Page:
Building relationships with truly qualified potential customers and enabling them to interact with your products and services is the second step in the concept of the flywheel. An engaging system is a system that places the user at the center of everything, building a relationship of trust with it.
The purpose of such a system is to create real spokespersons for your business. Whether in the phase of attraction, commitment or satisfaction, you must be able to grow. The flywheel, unlike the funnel, is dynamic and emphasizes the experience of the client, no matter where it is inside the purchase route.
The three parts surrounding the customer in the flywheel are marketing, sales, and customer service.
3. Repeat sales
Finally, the third step is to offer a truly memorable and satisfactory client experience in order to retain customers and create ambassadors for your brand. To do this, regularly offer quality content and the benefits of your service offer. Your customers will have no choice but to be satisfied and will be inclined to do business with you again!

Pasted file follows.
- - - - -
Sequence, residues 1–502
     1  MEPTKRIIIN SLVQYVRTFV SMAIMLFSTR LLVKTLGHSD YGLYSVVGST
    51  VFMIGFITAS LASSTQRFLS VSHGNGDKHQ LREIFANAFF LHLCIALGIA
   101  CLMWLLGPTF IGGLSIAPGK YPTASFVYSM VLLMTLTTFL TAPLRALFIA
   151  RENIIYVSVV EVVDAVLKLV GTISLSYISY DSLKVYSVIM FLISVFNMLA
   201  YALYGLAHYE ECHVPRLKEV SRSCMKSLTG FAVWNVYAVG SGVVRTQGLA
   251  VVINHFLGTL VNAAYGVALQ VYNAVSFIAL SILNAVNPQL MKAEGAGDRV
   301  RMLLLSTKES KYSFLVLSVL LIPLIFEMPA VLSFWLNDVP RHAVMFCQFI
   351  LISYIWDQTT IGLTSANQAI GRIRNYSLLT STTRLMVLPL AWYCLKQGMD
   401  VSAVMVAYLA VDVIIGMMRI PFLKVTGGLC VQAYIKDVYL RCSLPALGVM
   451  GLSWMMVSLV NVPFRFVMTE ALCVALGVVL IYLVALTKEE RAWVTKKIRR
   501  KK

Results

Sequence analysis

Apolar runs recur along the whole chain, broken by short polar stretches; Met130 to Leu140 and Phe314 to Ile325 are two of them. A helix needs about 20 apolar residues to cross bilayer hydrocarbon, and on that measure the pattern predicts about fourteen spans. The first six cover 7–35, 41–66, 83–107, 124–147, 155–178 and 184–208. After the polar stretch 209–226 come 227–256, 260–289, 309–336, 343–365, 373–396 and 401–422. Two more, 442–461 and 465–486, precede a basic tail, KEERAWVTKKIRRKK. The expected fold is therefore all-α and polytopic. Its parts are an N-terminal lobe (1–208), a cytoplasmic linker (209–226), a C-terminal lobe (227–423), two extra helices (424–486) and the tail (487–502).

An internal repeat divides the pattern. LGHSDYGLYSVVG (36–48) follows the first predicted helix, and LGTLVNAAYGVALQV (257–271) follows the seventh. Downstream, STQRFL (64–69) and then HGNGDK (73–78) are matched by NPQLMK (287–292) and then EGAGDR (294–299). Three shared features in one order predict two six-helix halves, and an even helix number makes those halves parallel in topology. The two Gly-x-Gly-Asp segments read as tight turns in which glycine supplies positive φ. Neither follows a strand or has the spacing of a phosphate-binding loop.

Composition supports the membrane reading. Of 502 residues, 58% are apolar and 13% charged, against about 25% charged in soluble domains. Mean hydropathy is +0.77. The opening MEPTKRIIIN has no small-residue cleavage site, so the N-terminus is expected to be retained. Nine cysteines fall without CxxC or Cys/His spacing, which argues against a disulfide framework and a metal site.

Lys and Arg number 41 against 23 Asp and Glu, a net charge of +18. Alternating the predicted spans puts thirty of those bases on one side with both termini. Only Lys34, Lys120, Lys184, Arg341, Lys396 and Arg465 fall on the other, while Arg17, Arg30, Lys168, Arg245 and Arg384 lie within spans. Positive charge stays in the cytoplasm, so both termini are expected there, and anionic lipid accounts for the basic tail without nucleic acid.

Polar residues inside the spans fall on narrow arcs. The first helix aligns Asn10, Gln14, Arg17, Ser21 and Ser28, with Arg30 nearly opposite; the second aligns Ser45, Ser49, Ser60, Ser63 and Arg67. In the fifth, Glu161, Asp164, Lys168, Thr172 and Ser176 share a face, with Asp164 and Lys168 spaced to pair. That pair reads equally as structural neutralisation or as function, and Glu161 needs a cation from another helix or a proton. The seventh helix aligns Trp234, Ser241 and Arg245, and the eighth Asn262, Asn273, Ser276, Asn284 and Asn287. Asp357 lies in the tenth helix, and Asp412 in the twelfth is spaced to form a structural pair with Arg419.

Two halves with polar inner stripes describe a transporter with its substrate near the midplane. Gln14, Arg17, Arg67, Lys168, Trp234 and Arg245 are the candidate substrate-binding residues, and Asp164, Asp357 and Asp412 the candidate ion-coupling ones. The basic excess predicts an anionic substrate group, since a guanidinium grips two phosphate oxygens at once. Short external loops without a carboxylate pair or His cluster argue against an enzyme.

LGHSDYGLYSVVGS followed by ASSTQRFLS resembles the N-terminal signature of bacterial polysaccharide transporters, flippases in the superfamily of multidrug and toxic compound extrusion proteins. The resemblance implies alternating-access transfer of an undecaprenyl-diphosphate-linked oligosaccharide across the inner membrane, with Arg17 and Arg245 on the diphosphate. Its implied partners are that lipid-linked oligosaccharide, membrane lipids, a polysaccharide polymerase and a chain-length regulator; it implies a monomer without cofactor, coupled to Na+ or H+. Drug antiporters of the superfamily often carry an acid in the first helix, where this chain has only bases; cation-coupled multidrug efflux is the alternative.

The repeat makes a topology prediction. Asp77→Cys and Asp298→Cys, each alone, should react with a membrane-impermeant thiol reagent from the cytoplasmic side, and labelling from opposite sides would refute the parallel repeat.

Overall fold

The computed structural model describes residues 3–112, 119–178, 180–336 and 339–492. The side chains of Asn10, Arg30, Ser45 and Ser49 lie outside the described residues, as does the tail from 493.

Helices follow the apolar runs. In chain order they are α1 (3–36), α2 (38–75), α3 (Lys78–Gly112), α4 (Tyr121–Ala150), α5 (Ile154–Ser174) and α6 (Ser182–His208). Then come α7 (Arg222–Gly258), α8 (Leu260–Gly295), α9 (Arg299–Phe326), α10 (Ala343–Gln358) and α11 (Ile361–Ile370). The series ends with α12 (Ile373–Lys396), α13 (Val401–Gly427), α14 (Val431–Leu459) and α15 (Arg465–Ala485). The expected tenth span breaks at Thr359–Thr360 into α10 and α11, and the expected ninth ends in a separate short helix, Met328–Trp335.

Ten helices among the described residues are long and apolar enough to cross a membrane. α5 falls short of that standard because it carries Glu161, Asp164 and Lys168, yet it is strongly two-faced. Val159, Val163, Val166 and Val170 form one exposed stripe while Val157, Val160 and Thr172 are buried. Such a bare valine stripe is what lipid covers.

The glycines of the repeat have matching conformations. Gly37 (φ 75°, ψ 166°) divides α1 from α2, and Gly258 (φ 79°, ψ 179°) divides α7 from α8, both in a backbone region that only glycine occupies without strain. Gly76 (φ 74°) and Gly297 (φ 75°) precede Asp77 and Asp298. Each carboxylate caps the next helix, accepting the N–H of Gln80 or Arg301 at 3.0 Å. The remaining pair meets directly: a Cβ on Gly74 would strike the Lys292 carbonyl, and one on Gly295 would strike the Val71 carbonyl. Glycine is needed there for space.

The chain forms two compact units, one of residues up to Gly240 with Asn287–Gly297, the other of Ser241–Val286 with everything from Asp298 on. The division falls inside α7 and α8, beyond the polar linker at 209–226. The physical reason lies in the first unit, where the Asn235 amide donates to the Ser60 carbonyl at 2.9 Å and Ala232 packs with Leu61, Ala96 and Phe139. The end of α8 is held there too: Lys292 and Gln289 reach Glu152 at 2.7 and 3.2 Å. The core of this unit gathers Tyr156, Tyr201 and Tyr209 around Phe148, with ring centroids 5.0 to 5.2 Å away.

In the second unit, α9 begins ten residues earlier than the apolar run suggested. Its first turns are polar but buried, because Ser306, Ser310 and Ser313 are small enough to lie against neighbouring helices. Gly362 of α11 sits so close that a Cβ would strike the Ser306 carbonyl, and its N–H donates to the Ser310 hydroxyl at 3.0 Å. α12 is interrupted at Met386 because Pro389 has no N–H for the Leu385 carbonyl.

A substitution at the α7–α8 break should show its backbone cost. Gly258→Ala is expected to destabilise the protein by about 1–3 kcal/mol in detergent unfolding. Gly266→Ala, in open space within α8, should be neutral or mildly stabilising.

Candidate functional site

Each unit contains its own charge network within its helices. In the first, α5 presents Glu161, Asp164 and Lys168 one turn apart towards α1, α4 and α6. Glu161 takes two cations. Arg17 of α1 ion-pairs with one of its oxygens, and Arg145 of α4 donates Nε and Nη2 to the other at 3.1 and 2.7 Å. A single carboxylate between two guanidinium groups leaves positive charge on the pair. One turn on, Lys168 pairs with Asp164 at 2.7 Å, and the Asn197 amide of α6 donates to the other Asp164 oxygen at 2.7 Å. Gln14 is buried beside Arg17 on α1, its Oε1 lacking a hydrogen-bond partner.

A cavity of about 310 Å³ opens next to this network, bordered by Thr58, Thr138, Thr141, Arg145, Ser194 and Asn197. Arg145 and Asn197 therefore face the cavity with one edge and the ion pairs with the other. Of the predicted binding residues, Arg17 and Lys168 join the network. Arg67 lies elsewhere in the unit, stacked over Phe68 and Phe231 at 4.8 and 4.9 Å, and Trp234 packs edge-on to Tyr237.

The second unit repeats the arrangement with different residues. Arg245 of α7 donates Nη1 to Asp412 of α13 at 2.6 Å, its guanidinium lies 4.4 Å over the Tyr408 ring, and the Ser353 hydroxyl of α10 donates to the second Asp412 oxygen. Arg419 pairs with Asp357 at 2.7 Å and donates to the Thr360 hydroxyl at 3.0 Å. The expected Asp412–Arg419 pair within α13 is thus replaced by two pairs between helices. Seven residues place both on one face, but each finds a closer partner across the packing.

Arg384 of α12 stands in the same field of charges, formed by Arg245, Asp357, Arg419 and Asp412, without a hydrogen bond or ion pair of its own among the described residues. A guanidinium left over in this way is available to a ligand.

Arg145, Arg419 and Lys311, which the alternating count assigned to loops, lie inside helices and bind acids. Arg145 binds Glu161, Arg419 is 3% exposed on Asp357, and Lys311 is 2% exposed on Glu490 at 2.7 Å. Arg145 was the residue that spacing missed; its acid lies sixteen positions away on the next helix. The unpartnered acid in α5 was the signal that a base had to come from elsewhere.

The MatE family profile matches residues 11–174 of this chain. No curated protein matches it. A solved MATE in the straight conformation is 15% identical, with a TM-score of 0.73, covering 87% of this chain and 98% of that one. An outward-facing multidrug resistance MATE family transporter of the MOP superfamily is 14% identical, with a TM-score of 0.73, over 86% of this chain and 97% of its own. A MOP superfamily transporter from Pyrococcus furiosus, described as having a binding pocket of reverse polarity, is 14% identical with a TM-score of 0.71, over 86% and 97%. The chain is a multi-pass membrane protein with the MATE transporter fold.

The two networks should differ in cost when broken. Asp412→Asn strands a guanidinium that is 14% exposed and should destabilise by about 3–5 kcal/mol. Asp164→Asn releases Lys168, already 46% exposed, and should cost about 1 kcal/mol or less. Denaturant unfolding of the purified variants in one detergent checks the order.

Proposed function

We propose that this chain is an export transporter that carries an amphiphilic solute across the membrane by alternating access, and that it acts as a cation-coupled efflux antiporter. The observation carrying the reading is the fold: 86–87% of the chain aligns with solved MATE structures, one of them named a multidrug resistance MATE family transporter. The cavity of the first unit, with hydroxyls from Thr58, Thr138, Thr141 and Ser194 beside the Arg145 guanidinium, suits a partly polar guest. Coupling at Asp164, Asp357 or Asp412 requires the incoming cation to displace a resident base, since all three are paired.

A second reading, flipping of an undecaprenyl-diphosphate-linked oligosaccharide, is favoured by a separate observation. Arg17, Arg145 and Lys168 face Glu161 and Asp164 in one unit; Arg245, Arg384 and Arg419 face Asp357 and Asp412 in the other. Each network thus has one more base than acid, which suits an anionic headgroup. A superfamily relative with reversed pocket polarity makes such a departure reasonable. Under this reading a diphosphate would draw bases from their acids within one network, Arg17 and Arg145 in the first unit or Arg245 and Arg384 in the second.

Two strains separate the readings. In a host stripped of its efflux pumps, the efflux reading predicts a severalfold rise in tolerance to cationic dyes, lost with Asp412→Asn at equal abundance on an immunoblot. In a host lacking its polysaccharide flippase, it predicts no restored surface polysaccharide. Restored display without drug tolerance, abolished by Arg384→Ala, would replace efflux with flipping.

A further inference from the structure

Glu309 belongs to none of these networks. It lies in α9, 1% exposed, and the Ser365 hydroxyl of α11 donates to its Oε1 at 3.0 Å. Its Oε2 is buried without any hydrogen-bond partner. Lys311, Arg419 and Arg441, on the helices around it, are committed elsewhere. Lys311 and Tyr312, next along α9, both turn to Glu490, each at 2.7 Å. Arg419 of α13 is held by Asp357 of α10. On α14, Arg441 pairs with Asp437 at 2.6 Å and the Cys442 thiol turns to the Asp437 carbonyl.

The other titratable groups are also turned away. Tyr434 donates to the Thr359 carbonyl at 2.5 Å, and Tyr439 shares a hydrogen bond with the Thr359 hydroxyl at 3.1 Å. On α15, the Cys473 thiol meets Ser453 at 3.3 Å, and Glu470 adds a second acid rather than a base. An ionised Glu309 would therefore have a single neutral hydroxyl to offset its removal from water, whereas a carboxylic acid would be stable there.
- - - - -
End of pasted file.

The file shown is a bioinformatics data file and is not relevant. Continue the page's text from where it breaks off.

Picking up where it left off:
Focus your attention on your customers to get more income
Customer values have changed a lot in recent years and marketers are increasingly trying to adapt to it by offering increasingly personalized service and by focusing more on customer experience. For example, studies done in 2015 and 2019 reveal interesting facts about the importance of the client-centered approach.
- 90% of marketers say that personalizing the offer to the customer is a priority because the more the approach is adapted to the specific needs of each customer, the greater the chance of obtaining winning results.
- Companies that are customer-centric are 60% more profitable than those that are not.
- 86% of buyers are willing to pay more in exchange for a better customer experience.
- 65% of buyers believe that a purchasing process in which they are offered a positive experience has more impact than attractive advertising.